As millions of Americans gathered across the country to take part in 4th of July festivities, rumors have swirled throughout the nation’s capital that July 3rd might be getting jealous.
“It just doesn’t understand why July 4th gets all this attention every year,” said Darrell Chang of the Brookings Institution, a Washington think tank which recognizes the 4th of July as a holiday, but not the 3rd. “We tried explaining to [July 3rd] that people want to celebrate America’s independence, not just an early day in July, but it doesn’t seem to make a difference.”
This year, the Independence Day of the United States falls on a Tuesday, leading many employers to give both Monday and Tuesday off. July 3rd has reportedly grown incredulous that millions of Americans will come together for celebrations on Monday with signs, balloons, and paper plates celebrating Tuesday.
One source, which insisted on anonymity but greatly resembled a daily calendar set to July 3rd wearing a fake mustache, contended that this year, the weekend should be called “3rd of July weekend,” as that is “when all the fun shit is finna go down.”
The source, which could not have weighed more than a few pounds and whose only remotely human characteristic we could distinguish was the aforementioned mustache, pointed out that there are many things worth celebrating during the 24 hours before Independence Day.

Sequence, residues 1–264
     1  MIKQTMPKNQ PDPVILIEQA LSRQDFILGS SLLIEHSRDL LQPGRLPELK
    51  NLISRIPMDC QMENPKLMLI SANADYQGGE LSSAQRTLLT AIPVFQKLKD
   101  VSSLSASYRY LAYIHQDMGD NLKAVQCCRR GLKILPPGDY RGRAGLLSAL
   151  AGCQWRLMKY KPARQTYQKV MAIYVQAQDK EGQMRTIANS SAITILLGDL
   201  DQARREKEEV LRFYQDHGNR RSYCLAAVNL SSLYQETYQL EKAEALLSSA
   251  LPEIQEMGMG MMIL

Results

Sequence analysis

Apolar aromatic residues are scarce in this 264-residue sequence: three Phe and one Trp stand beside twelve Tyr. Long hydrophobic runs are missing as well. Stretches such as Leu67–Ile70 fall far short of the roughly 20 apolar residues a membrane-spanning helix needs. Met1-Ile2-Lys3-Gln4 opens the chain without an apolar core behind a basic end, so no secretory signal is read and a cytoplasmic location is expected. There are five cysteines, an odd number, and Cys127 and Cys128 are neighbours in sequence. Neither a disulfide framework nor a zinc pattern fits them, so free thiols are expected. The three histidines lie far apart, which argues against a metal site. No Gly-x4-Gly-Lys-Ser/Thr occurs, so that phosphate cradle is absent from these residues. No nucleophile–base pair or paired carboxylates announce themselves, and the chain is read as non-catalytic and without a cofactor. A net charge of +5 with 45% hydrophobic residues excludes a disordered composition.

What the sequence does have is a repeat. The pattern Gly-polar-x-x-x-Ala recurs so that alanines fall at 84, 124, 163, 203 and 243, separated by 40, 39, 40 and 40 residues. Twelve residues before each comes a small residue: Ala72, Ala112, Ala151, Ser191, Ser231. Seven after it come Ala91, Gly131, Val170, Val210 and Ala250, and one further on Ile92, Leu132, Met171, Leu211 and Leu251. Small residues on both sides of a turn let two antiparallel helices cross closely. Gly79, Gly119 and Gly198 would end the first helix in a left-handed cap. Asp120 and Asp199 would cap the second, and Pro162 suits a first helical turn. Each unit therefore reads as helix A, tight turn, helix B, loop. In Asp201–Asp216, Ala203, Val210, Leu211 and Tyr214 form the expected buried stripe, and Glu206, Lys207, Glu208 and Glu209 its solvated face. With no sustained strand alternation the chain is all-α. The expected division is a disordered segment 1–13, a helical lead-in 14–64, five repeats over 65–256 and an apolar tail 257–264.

“Where would we be without the founding of the Bank of Savings in New York in 1819?” pondered the source, which we feel obliged to report looked remarkably like an anthropomorphic bound paper stack in an unconvincing disguise. “Does the admission of Idaho as the 43rd state in this Union not deserve some form of acknowledgment? And what of the Labour Party’s 1995 victory in the St. Kitts and Nevis general elections?”
“I believe any rational calendar day — duhhh, I mean human American person — would admit that these events are much cooler than signing some brown old parchment, and deserving of at LEAST half as many barbecues and/or pool parties.”
No lawmaker in the 115th United States Congress has yet proposed a national holiday immediately preceding the 4th of July. It seems that cries from one anonymous lobbyist flapping around the Capitol that such a holiday would be “dope as hell” have fallen on deaf ears.